Last Friday, December 22, SpaceX made its last release of the year from the Vandenberg Air Force Base in southern California. While many caused a stir in social networks to confuse it with an unidentified flying object (UFO), the photographer Jesse Watson took the opportunity to take 2452 images of the Falcon 9 rocket from his hometown, Yuma, Arizona. From a selection of 1315 photographs, he made a time-lapse of 40 seconds.

For this project, the photographer used four cameras and five lenses. In addition, previously reviewed four locations that could add depth to the images before choosing the site where it was placed from about two hours. To locate his devices in the best place, he used the program The Photographer’s Ephemeris and Google Maps. “I had already seen a previous launch from the Missile Field of Arenas Blancas and I knew that with the sunset this could acquire a dramatic aesthetic,” he explained on the Vimeo page where he posted the video.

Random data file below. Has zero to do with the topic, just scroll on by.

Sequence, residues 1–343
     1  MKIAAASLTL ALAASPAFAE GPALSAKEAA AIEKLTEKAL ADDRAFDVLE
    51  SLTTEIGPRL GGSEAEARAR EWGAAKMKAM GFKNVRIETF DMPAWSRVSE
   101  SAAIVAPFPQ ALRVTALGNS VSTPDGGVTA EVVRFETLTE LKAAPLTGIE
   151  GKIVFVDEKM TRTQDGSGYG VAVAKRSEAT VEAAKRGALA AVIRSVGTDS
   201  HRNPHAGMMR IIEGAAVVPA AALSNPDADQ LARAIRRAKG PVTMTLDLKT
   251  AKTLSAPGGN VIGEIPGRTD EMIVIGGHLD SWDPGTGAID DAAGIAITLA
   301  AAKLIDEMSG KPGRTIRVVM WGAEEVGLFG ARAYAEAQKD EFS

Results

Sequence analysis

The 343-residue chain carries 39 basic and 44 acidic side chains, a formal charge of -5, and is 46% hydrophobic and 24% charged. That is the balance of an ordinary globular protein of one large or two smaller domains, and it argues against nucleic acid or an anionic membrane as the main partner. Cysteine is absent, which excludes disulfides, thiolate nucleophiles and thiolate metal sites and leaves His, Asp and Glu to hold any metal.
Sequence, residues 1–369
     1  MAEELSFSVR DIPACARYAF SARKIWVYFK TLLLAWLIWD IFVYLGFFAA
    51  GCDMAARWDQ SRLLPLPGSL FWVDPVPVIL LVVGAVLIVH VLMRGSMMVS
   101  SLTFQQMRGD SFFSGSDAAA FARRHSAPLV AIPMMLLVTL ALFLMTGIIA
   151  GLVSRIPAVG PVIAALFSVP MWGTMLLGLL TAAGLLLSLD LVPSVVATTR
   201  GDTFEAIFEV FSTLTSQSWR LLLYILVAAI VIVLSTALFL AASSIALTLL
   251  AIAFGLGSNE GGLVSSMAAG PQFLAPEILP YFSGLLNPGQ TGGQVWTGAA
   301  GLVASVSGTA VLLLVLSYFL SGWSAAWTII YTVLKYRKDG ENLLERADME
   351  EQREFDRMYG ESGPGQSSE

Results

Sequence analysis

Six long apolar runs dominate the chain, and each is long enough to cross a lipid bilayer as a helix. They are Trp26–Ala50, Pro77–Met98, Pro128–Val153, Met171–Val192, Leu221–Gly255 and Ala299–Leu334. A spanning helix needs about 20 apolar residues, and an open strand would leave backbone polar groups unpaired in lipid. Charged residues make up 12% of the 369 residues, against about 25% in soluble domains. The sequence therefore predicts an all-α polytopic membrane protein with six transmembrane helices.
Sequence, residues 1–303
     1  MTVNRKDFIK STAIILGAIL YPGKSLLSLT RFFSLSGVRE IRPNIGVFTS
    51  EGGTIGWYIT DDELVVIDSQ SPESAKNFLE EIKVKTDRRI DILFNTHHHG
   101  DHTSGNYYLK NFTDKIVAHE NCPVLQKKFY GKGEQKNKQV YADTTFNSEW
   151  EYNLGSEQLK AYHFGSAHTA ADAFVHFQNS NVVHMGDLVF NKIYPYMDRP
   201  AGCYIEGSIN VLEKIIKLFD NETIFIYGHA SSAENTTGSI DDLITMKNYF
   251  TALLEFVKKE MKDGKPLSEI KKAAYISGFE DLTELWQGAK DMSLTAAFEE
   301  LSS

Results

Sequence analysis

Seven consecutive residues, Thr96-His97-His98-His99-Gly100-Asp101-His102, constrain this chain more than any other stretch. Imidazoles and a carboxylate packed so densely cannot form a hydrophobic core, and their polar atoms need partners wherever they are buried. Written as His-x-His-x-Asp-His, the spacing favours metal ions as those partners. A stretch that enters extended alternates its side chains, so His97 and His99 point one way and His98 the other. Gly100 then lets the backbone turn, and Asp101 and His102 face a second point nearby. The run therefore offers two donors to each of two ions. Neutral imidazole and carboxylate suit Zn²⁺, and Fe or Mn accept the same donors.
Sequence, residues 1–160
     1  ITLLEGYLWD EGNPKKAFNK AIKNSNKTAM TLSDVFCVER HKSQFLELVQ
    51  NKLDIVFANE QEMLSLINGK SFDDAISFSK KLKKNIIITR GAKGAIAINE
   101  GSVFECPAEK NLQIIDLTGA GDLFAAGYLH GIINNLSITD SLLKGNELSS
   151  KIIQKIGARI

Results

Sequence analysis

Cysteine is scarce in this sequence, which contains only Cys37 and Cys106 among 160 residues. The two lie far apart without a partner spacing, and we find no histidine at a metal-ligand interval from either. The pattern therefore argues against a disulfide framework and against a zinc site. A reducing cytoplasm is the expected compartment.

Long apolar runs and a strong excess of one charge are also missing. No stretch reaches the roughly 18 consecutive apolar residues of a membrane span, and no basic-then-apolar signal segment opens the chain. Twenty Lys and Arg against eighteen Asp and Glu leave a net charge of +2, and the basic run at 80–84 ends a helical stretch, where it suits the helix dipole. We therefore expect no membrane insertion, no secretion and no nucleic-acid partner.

Watson began recording the time-lapse sequences about 45 minutes before launch with three cameras and one more configured to make telephoto video. After the Falcon 9 rocket passed, he continued to record a few more minutes. The final result was edited in Adobe After Effects and Adobe Premiere Pro. The video below is the spectacular time-lapse achieved:



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